Information contained in this publication is intended for informational purposes only and does not constitute legal advice or opinion, nor is it a substitute for the professional judgment of an attorney.
On March 28, 2019, Maryland lawmakers passed an increase in the state minimum wage to $15 per hour starting January 1, 2025. Governor Larry Hogan had vetoed this bill when it originally crossed his desk on Wednesday the 27th, saying that it would negatively affect Maryland’s economy and might cost the state jobs. But the state legislature overrode his veto the next day.1 With that gubernatorial override, Maryland has become the sixth state to pass a statewide increase in the minimum wage to $15 per hour, joining California, Illinois, New Jersey, New York, and Massachusetts.
The Maryland bill, H.B. 166/S.B. 280, is a large budget measure with several sections related to the state minimum wage. The measure provides that employers must pay employees the higher of either the federally mandated minimum wage or the state minimum wage, unless employees are subject to a training wage to be set by the state Commissioner of Labor and Industry and allowed under the federal Fair Labor Standards Act. The current Maryland minimum wage is $10.10 per hour, but will rise to $11.00 per hour on January 1, 2020. After that, the minimum wage will increase by $0.75 each January 1, until it reaches $15 per hour on January 1, 2025. Small employers, defined as companies with 14 or fewer employees, will have a slightly slower rate of minimum wage increases with only $0.60 per-hour raises each January 1 through January of 2026. The applicable minimum wage for small businesses, therefore, will not reach $15 per hour until July 1, 2026.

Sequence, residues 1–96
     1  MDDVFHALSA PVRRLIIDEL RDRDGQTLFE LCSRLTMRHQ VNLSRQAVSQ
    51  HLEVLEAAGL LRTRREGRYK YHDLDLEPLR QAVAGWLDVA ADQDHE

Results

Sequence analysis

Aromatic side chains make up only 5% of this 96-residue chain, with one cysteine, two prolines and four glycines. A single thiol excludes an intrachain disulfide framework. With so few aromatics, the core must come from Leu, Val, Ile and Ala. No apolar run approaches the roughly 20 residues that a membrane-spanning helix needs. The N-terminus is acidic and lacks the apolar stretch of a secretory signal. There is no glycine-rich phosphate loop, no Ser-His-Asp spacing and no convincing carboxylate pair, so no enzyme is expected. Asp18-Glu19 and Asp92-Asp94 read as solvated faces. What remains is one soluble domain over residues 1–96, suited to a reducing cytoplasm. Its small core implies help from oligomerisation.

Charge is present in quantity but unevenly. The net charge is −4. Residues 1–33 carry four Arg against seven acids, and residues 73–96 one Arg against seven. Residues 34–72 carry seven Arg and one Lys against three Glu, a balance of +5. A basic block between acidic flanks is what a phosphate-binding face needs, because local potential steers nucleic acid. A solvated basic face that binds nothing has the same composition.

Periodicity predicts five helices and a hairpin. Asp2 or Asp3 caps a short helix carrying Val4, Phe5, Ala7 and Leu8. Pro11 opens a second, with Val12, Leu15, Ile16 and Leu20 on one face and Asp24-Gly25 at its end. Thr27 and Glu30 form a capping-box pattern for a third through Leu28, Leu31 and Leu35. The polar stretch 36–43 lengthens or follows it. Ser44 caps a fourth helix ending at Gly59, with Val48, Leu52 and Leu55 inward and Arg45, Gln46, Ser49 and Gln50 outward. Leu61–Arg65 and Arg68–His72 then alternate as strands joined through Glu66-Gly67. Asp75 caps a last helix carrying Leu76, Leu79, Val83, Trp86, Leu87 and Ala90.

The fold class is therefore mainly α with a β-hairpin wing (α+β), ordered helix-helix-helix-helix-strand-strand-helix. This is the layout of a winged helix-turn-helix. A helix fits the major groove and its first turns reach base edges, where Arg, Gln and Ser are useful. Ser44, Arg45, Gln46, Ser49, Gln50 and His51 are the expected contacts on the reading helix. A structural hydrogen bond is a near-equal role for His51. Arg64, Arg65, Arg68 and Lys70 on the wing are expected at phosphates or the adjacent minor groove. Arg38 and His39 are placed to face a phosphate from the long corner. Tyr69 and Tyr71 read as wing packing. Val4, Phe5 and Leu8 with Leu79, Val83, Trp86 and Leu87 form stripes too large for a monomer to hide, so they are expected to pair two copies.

Other provisions in this bill allow for the Board of Public Works to analyze the seasonal employment statistics by or on October 1, 2020 and again every October 1 to compare job totals to the previous year. If the employment statistics show a downward trend, the Board is authorized to suspend the increase in the minimum wage rate. The Board can also use state revenues to determine whether the minimum wage increase should be temporarily suspended. Also, the bill does preserve a lower minimum wage for workers under age 18, previously set at age 20, with hourly wages of 85% of the state minimum wage.
In addition, businesses that employ customarily tipped workers and that include a tip credit are required to provide employees with a wage statement each pay period detailing their effective hourly tip rate. The Commissioner of the Department of Labor, Licensing, and Regulation is required to adopt regulations in consultation with the Payroll Service Providers and Restaurant Industry Trade Group Representatives, and provide notification of the final tip credit wage statement regulations on its website.
1 Legislative explanation of Bills Signed or Enacted, Mar. 28. 2019.